Essential points to be remembered in kinetic theory of gases were discussed in the post dated 13th March 2008. Questions on kinetic theory of gases were discussed subsequently. You can access all posts related to kinetic theory of gases by clicking on the label, ‘kinetic theory’ below this post. To access older posts you need to click on the ‘older posts’ button.

Today we will discuss a few more typical multiple choice questions on kinetic theory of gases:

(1) The root mean square (R.M.S.) speed v of the molecules of an ideal gas is given by the expressions,

v = √(3RT/M ) and

v = √(3kT/m ) where R is universal gas constant, T is the absolute (Kelvin) temperature, M is the molar mass, k is Boltzman’s constant and m is the molecular mass. The R.M.S. speed of oxygen molecules (O2) at temperature T1 is v1. When the temperature is doubled, if the oxygen molecules are dissociated into atomic oxygen, what will be R.M.S. speed of oxygen atoms? (Treat the gas as ideal).

(a) v1/2

(b) v1

(c) √2 v1

(d) 2v1

(e) 4v1

We have v1 = √(3RT1/M ) or

v1 = √(3kT1/m )

On dissociation the molar mass as well as the molecular mass gets halved. Using the second equation, the R.M.S. speed v after dissociation is given by

v = √[3k×2T1/ (m/2 )] = 2√(3kT1/m ) = 2v1

(2) Four moles of an ideal diatomic gas is heated at constant volume from 20º C to 30º C. The molar specific heat of the gas at constant pressure (Cp) is 30.3 Jmol–1K–1 and the universal gas constant (R) is 8.3 Jmol–1K–1. The increase in internal energy of the gas is

(a) 80.3 J

(b) 303 J

(c) 332 J

(d) 880 J

(e) 1212 J

The increase in internal energy is MCvT where M is the mass of the sample of the gas, Cv is the specific heat at constant volume and T is the rise in temperature of the gas. If we use the molar specific heat of the gas at constant volume for Cv, the number of moles in the sample of the gas is to be used in the place of M.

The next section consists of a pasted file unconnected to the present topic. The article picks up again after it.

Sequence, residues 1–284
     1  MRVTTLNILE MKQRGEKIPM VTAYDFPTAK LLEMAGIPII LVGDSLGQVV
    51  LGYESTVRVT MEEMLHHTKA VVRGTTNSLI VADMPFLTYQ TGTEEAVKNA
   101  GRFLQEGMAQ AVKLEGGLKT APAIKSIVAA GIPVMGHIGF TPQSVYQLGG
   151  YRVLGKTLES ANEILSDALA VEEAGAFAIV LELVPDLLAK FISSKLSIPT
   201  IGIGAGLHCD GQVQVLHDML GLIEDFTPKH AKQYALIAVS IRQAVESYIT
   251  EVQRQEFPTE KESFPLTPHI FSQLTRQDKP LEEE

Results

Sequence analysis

Now, Cv = Cp R = 30.3 – 8.3 = 22 Jmol–1K–1.

Therefore, the increase in internal energy of the gas is 4×22×10 = 880 J.

(3) In the case of real gases, the equation of state, PV = RT (where P, V and T are respectively the pressure, volume and absolute temperature), is strictly satisfied only if corrections are applied to the measured pressure P and the measured volume V. The corrections for P and V arise respectively due to

(a) intermolecular attraction and the size of molecules

(b) size of molecules and expansion of the container

(c) expansion of the container and intermolecular attraction

(d) kinetic energy of molecules and collision of molecules

(e) intermolecular attraction and collision of molecules

In kinetic theory of gases it is assumed that there is no force between molecules But there is actually intermolecular attraction which reduces the pressure. So the correction for P arises due to intermolecular attraction.

The entire volume V of the container is not available for the molecules since the molecules have a finite size. The assumption (in kinetic theory) that the molecules are point masses without appreciable volume is incorrect. So the correction for V arises due to the size of molecules.

The correct option is (a).

(4) Gases exert pressure on the walls of the container because the gas molecules

(a) collide one another

(b) exert intermolecular attraction

(c) possess momentum

(d) expand on absorbing heat

(e) exert repulsive force

Because of the momentum of the gas molecules, they collide with the walls of the containing vessel and momentum transfer takes place, resulting in a force on the walls. Pressure is force per unit area. The basic reason for the pressure is the momentum of the gas molecules [Option (c)].

Now, see similar questions with solution here.